That said, I suspect that the use cases where the WHY has a good answer are actually very frequent, and they WHY is usually not technical. One scenario that comes to mind is city governments or school districts, where politicians favor tax cuts or highly-visible spending, and can’t always be convinced to budget $$$ on proper perimeter devices or the staff to configure and maintain it. Small businesses often face similar pressures. These are very frequently networks protected by nothing more than a $50 consumer-grade NAT router. Us IT guys understand and prioritize the implications, but even if the politicians, or business people struggling to keep a business afloat, understand it, they may have to juggle other priorities and not be able to do more than NAT.

  2. What about when you want additional networks on a host, dynamically? Think about using VMs or Docker.

    If you rent a server or a VM from a provider, they’re likely to either give you a single IPv6 address, or a /64 to yourself. If you’re lucky, the provider might actually send you that /64 to your link-local address like Hetzner do (https://wiki.hetzner.de/index.php/Netzkonfiguration_Debian/en#Additional_IP_Addresses_.28Virtualization.29 ), so if you’ve configured your address as a /128, you get a bunch of extra addresses to use internally. Detecting when that is happening is pretty much impossible — you have to know it’s being done, and configure your interfaces and docker / libvirt / virtualbox / vmware manually.

    Let’s say I’m running Docker on OSX. That runs in a Linux VM sitting atop OSX. What if the user got an address via DHCPv6? Yay, we might be able to do prefix delegation and maybe get a few bits of network mask routed to it.

    What about those networks that only do SLAAC? Docker could choose to see that you have a /64 prefix length on your external interface and assign /96s on each network it creates and does neighbor discovery proxying. That might silently fail though if there’s port security preventing it.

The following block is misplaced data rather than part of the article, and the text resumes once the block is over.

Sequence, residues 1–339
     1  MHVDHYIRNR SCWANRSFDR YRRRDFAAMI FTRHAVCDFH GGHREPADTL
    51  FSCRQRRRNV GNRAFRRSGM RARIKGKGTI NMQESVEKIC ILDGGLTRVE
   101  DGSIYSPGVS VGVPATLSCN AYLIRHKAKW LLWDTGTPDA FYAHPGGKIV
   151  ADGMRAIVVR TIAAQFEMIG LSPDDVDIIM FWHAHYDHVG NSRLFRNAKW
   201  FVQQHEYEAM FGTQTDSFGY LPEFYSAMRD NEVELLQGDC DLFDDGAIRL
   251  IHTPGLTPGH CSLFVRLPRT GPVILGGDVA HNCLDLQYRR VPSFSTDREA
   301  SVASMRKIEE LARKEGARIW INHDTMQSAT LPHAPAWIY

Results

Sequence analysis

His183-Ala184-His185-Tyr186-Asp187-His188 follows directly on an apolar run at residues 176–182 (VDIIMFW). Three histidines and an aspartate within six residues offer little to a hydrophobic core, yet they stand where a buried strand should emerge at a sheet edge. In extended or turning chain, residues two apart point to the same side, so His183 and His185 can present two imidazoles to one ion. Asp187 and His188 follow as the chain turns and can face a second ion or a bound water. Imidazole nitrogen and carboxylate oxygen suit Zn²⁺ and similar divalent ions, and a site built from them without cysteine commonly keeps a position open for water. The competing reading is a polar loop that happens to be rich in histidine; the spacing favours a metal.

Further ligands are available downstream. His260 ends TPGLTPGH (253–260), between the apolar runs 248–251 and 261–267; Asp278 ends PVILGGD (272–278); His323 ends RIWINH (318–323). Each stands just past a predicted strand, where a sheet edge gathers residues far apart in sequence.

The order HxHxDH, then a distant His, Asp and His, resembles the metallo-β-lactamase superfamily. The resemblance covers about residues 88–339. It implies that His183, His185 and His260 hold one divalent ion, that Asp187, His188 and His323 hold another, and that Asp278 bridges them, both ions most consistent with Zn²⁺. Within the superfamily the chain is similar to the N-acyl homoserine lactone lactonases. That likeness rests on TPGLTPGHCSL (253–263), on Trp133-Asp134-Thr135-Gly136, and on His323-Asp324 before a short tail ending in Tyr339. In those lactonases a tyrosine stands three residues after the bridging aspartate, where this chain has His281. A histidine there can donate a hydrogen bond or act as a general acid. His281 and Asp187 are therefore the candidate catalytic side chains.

What if the user changes WiFi: they close their laptop at work, open it at home, everything resumes, but now there’s a different prefix and all the containers need new addressing. Maybe the app doesn’t like not having a configured IP address and crashes! User searches for the issue, finds it’s IPv6 related, disables IPv6. We’ve been here before.

    All these problems can be solved by NAT66. Either use a ULA prefix inside, and make sure the host (suffix) part of the /64 is unique among all networks, and then you can NAT66 just the network (prefix) part and do proxy neighbor discovery. Or if that’s seen as not reliable enough, full NAT66 masquerading on that ULA which allows you to appear to the outside world as just a single address. Even better, you could go IPv6 only inside, and if the external interface only has an IPv4 address, spin up DNS64/NAT64 — it’s already using dnsmasq most likely as a nameserver!

    Should a home, enterprise, or cloud provider network be doing NAT66 at the border? No. It’s needlessly incorporating state into the forwarding plane, for very little benefit, and discarding all the benefits of having IPv6 in the first place.

    Should a host do NAT66 to provide namespaces / bridges / tunnels with IPv6 addressing? Absolutely. It’s the right solution. You can’t reliably determine what the “right” thing to do with IPv6 addressing internally in Docker, so it makes absolute sense that without NAT66 they would have IPv6 disabled by default.

    Does that make sense? I realize it’s a fringe case, but if your developers aren’t exposed to IPv6 in their preferred environment, how are they ever going to think about rolling it out in production except as an address on their front-end load-balancer?